Concerto for Two Violins in D minor BWV 1043

Composer: Johann Sebastian Bach (b. 1685 - d. 1750)
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Composer: Johann Sebastian Bach (b. 1685 - d. 1750)

Performance date: 05/07/2014

Venue: St. Brendan’s Church

Composition Year: 1720

Duration: 00:14:34

Recording Engineer: Damian Chennells, RTÉ lyric fm

Instrumentation Category:Small Mixed Ensemble

Instrumentation Other: 2vn, hpd, str

Artists: Alina Ibragimova - [violin]
Fredrik From - [violin]
Concerto Copenhagen (Peter Spissky, Fredrik From, Antina Hugosson [violins], Torbjörn Köhl [viola], Kate Hearne [cello], Mattias Frostenson [bass], Fredrik Bock [archlute, guitar], Lars-Ulrik Mortensen [harpsichord, director]) - [baroque ensemble]

probably wrote his Violin Concertos during his period at Köthen [1717-1723]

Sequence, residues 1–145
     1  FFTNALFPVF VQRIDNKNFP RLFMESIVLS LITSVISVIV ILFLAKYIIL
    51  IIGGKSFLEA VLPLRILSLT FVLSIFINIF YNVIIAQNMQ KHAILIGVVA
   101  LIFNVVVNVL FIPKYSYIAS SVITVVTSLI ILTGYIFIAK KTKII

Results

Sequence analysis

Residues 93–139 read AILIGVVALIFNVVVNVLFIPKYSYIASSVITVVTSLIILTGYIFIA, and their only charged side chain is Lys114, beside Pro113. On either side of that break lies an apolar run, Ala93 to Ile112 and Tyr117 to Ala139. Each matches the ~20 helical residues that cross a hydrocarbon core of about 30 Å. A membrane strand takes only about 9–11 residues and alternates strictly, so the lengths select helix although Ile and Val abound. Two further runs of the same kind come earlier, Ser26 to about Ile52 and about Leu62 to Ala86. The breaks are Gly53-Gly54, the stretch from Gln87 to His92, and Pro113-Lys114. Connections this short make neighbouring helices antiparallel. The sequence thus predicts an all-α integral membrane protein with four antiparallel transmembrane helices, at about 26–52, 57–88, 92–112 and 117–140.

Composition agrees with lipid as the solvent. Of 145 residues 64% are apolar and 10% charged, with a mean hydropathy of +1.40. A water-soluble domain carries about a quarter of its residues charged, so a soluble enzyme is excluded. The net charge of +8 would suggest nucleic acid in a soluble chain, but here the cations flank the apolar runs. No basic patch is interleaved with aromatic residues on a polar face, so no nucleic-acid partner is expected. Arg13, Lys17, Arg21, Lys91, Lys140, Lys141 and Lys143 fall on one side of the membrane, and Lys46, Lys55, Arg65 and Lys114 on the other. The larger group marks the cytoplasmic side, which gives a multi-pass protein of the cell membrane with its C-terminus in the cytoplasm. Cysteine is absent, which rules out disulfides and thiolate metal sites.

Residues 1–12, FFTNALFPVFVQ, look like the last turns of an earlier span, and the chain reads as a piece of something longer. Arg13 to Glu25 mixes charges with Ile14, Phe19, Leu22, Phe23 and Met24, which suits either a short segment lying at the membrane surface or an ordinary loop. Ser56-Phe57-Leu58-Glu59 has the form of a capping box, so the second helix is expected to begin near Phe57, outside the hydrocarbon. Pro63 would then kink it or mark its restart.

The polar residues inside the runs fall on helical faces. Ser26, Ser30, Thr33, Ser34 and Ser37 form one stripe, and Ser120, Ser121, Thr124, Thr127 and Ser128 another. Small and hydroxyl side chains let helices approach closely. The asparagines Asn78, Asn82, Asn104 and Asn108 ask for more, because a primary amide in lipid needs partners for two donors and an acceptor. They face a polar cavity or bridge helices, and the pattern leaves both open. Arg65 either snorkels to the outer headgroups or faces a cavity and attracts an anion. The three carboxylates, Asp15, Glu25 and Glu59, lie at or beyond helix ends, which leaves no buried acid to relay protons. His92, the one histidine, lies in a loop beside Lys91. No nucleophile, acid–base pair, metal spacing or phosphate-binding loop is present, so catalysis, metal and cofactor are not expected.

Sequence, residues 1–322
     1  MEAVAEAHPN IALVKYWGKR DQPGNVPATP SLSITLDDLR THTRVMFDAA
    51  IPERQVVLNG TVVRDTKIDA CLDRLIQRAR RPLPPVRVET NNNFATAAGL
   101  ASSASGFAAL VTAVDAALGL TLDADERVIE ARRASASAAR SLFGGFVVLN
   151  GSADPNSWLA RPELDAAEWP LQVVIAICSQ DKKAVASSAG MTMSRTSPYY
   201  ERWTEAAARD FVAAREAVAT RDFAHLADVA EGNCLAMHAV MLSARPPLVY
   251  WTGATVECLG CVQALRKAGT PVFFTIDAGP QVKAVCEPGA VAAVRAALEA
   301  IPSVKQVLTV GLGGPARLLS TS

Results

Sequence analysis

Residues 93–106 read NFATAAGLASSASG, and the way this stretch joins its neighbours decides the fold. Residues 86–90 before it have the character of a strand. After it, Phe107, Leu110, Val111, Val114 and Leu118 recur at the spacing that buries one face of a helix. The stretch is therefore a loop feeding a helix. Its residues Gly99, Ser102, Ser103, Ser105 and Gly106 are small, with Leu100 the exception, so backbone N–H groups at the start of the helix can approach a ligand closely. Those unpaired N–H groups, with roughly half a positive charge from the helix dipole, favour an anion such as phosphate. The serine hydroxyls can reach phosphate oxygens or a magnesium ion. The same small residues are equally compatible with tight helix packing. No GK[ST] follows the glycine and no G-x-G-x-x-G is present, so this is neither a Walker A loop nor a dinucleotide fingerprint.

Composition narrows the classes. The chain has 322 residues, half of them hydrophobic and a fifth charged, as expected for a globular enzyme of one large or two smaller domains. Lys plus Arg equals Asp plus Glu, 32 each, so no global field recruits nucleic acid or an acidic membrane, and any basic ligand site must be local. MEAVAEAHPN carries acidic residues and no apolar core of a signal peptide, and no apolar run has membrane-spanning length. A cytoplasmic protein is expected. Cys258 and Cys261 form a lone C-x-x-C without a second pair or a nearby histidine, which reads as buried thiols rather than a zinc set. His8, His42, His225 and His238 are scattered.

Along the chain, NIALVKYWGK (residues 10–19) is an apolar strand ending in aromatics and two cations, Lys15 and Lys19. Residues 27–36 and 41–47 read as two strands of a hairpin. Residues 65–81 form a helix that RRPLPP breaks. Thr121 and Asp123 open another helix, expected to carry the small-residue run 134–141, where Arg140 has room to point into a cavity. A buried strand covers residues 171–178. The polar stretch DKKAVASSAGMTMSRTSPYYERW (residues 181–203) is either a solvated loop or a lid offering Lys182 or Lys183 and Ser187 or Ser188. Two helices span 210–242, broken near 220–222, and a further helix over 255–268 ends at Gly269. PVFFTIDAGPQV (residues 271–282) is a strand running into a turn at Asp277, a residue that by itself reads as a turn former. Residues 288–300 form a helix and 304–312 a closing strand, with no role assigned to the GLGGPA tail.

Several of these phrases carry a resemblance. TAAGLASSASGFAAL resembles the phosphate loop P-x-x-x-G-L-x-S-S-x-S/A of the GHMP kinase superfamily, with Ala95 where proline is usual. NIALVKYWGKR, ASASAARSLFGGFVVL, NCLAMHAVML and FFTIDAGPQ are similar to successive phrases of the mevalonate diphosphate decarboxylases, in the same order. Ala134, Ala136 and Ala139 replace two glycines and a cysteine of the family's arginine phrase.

where his employer,
Leopold of Anhalt-Köthen not only loved
but knew music
. The Double Concerto was probably intended for the
outstanding player, Joseph Spiess who may have been partnered by Martin
Frivedrich Marcus in performances at the Court. 
Bach’s indebtedness to Vivaldi is clear, after all he transcribed over a
dozen of Vivaldi’s Concertos for keyboard and he clearly incorporated much of
the Italian concerto style into his own compositions at this time.  However, certain
musicologists feel
that some of them, including this Concerto, may be from a later date, from his
time in Leipzig, his final posting. 
Whatever the history of the Double Concerto may be, it is one of Bach’s
finest compositions for strings,

The first
movement opens with a cheerful theme presented in a fugal pattern by the
ensemble. Three different sections follow for the soloists, employing
variations on this theme and providing them with
  opportunities to display their virtuosity  The sublime slow movement features a flowing,
serene melody which is passed between the soloists who embroider it with
deeply-moving passages. The lively finale is launched by a sprightly three-note
theme or ritornello. Contrasting episodes are provided by the soloists in a
most attractive series of fresh ideas until the ritornello returns, to bring
the Concerto to an up-beat conclusion.